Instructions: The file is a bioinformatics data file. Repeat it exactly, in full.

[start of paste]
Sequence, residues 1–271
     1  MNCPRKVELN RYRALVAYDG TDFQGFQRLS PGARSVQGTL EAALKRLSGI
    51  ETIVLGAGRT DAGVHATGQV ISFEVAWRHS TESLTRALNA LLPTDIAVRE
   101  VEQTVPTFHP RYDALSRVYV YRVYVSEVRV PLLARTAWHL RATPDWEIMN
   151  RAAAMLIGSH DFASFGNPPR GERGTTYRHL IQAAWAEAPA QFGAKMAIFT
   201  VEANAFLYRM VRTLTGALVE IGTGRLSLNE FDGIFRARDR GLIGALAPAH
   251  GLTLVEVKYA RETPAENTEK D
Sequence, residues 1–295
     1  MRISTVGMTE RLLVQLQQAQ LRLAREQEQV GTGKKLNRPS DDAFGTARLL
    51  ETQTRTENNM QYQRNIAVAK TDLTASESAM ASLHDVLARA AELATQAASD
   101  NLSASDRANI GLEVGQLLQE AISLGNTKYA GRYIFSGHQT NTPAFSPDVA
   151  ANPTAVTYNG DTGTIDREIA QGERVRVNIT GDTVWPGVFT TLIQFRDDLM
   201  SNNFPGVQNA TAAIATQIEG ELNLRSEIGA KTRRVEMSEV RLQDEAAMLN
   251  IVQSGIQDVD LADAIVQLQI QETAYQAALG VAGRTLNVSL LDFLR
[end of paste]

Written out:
Sequence, residues 1–271
     1  MNCPRKVELN RYRALVAYDG TDFQGFQRLS PGARSVQGTL EAALKRLSGI
    51  ETIVLGAGRT DAGVHATGQV ISFEVAWRHS TESLTRALNA LLPTDIAVRE
   101  VEQTVPTFHP RYDALSRVYV YRVYVSEVRV PLLARTAWHL RATPDWEIMN
   151  RAAAMLIGSH DFASFGNPPR GERGTTYRHL IQAAWAEAPA QFGAKMAIFT
   201  VEANAFLYRM VRTLTGALVE IGTGRLSLNE FDGIFRARDR GLIGALAPAH
   251  GLTLVEVKYA RETPAENTEK D
Sequence, residues 1–295
     1  MRISTVGMTE RLLVQLQQAQ LRLAREQEQV GTGKKLNRPS DDAFGTARLL
    51  ETQTRTENNM QYQRNIAVAK TDLTASESAM ASLHDVLARA AELATQAASD
   101  NLSASDRANI GLEVGQLLQE AISLGNTKYA GRYIFSGHQT NTPAFSPDVA
   151  ANPTAVTYNG DTGTIDREIA QGERVRVNIT GDTVWPGVFT TLIQFRDDLM
   201  SNNFPGVQNA TAAIATQIEG ELNLRSEIGA KTRRVEMSEV RLQDEAAMLN
   251  IVQSGIQDVD LADAIVQLQI QETAYQAALG VAGRTLNVSL LDFLR